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Gemma Woodward: ‘People have become lazy about what ESG actually means’

03 May 2022 Expert insight

Jargon and ratings oversimplify meaningful responsible investment

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From exclusionary screening to SDGs, the world of responsible investment is awash with jargon, buzzwords and acronyms. One of the worst offenders, according to Quilter Cheviot Investment Management’s head of responsible investment, Gemma Woodward, is the blanket use of ESG (environmental, social and governance).

“It has become a catch-all term that oversimplifies the complexities of ethical investment,” she says. “People have become lazy about what ESG actually means and how it is used. When people talk about an ESG company or an ESG fund, what do they actually mean? Are we just ticking some random boxes?”

When thinking about ESG factors as part of the whole responsible investment process, it’s not just environmental, social and governance, Woodward argues. “You’ve got stewardship and integration. You’ve got screening, sustainable and impact investing, and other broad categories. But ESG has just become shorthand for all of this. This is where misconceptions and misunderstandings occur, because what you think as being appropriate for your requirements from a responsible investment perspective are distilled down to this one term. If you call something an ESG fund, it could be doing a whole variety of different things. The term is too basic.”

Ultimately, it is clients – charities and their trustees – that will struggle, says Woodward. “It gets more difficult for the end consumer to know what they should want. What are they supposed to be looking for?”

Woodward says she is not alone in this thinking and that the more experience you have in the sector, the more you become aware that this type of blanket term fails to appreciate the nuances involved. “There have been many iterations of responsible investment. If you are new to it, then ‘ESG’ is the kind of thing that captures the imagination. But often the end consumer still doesn’t know what it means. We need to get so much smarter and precise about our language.”

Engagement and awareness

In a recent survey of its client base, Quilter Cheviot found that respondents consider stakeholder voting and corporate engagement as low on the scale when it comes to key priorities of responsible investing. This highlights a misconception of how the industry and the goals it is trying to achieve, says Woodward. “The engagement aspect of what we do is incredibly important, but that is not necessarily how it gets portrayed by the industry because it is long-term, complex and cannot be put in a nice little box or summed up in a neat little phrase. The financial services sector has become very lazy in explaining what it is we do and our purpose.”

So, what efforts are being made to address this? Internally, Quilter (Quilter Cheviot’s parent company) is looking at the terminology it uses, and refining its language. “We are going through that process,” says Woodward. “But it is hard to standardise the language across the entire organisation.”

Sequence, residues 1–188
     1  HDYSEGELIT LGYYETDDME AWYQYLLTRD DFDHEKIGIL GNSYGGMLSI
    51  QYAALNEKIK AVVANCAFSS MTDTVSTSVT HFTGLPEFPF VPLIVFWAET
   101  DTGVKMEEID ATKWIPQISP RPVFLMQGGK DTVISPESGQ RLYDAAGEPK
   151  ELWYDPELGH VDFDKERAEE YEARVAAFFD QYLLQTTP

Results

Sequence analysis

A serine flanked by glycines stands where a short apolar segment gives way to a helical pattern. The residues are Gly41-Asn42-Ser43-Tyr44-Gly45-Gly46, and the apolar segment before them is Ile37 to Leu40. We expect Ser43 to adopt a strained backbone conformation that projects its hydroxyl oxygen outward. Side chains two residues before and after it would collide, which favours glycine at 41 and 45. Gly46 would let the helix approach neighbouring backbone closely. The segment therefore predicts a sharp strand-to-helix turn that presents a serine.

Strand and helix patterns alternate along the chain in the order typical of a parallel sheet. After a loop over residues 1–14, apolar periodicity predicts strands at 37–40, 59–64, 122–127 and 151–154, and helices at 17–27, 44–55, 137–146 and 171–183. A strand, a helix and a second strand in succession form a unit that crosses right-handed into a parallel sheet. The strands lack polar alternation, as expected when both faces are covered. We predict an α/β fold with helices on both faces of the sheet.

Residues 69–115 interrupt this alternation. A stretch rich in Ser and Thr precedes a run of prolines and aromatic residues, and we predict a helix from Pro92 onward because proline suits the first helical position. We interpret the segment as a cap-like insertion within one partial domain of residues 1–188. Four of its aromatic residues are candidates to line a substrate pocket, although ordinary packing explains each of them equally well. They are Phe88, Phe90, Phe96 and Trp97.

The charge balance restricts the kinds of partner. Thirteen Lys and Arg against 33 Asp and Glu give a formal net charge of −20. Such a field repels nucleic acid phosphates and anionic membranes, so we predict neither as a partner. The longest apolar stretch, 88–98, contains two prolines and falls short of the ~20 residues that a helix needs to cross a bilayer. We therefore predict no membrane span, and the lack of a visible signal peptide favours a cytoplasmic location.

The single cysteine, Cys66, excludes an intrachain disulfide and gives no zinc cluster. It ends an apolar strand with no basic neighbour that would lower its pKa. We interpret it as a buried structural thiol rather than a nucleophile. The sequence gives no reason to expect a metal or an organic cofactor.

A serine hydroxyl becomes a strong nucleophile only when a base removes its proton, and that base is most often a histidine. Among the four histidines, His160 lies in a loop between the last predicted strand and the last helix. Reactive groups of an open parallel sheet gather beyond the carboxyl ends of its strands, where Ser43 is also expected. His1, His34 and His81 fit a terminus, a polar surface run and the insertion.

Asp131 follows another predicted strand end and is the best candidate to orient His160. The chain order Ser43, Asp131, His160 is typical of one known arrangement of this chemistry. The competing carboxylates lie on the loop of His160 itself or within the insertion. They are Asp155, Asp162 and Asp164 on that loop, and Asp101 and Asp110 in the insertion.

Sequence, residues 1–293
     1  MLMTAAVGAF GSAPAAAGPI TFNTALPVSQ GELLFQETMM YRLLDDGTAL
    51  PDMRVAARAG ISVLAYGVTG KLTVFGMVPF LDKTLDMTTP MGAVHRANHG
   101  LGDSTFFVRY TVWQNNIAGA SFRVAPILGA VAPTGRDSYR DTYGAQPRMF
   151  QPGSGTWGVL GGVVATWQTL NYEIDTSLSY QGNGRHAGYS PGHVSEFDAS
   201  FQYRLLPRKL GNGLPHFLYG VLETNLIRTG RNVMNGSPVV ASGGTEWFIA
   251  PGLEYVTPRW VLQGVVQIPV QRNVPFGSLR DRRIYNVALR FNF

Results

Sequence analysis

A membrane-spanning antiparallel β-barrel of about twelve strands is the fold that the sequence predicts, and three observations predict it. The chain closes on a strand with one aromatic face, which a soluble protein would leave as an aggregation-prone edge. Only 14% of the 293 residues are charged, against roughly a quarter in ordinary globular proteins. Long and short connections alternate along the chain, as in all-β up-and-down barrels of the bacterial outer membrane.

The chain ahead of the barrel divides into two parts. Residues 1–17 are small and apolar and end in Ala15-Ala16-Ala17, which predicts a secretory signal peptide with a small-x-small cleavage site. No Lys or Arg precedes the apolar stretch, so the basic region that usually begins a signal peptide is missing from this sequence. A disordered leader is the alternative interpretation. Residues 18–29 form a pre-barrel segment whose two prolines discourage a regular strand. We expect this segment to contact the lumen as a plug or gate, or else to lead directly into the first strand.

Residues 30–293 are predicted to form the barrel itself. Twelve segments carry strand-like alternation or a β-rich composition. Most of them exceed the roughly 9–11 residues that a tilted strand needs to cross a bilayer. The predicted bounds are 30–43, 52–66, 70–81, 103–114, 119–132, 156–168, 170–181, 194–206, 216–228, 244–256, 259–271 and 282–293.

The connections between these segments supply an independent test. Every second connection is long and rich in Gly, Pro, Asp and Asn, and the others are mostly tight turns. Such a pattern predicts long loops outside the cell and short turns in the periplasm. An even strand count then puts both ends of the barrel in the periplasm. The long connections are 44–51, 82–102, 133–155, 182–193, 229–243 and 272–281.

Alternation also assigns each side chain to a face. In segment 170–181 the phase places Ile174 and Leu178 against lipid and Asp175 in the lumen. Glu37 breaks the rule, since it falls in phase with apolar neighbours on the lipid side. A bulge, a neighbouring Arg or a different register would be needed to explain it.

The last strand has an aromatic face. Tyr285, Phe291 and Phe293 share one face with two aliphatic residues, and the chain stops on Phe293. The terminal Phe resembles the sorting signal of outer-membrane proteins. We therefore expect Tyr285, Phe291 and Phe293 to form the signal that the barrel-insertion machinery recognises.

The investment management company will be engaging with its clients over the next two years, and on an ongoing basis, to determine more clearly their responsible investment preferences, and what they want to achieve. This will not only help Quilter Cheviot to gain insight, but it will also increase awareness and understanding among clients of what is involved in meaningful responsible investing.

Woodward explains: “This is not just about taking into account ethical considerations or positive inclusions, which we have always done as part of our sustainable investment strategy, but this is a way of laying out our stewardship approach to our clients and integrating ESG factors within the investment process.”

Expectations and ratings

Another area that Woodward believes over simplifies responsible investment is expectations around fund ratings. “If an investment manager uses one external data provider, often it will have inherent biases. It will look through your portfolio and chuck out a number or letter based on sustainability, which will almost certainly be better than the benchmark. But that rating is literally based on that provider’s data; it doesn’t take into account any other research.”

To combat this, Quilter Cheviot uses multiple data providers and has its own research teams, which are charged with considering ESG factors within the investment process. This takes into account aspects such as voting, qualitative assessments and quantitative data dashboards.

“We don’t want to just give clients a number; it is too simplistic because it does not take into account the many aspects of stewardship. A number may make you feel good that you are beating a benchmark, but it is not a true reflection of what is going on and is meaningless.”

What we do

Quilter Cheviot is a leading investment management company specialising in helping charities and private clients with their investments. The ethos of our business is built on the premise that ‘the people you meet are the people managing your money’. This is to ensure that the discussion we have with clients and the implementation of the charity’s investment strategy is seamless.

We offer charities a number of different approaches to responsible investment including stewardship, ESG screening and ESG integration. Additionally, we have a strong educational programme which covers a wide range of investment and non-investment topics.

Fast facts

  • Established 1771
  • Won more than 20 awards in the last two years
  • Gained 5* ratings Defaqto every year for the past six years

*All figures as at 1 March 2022

Gemma Woodward is Head of Responsible Investment at Quilter Cheviot Investment Management

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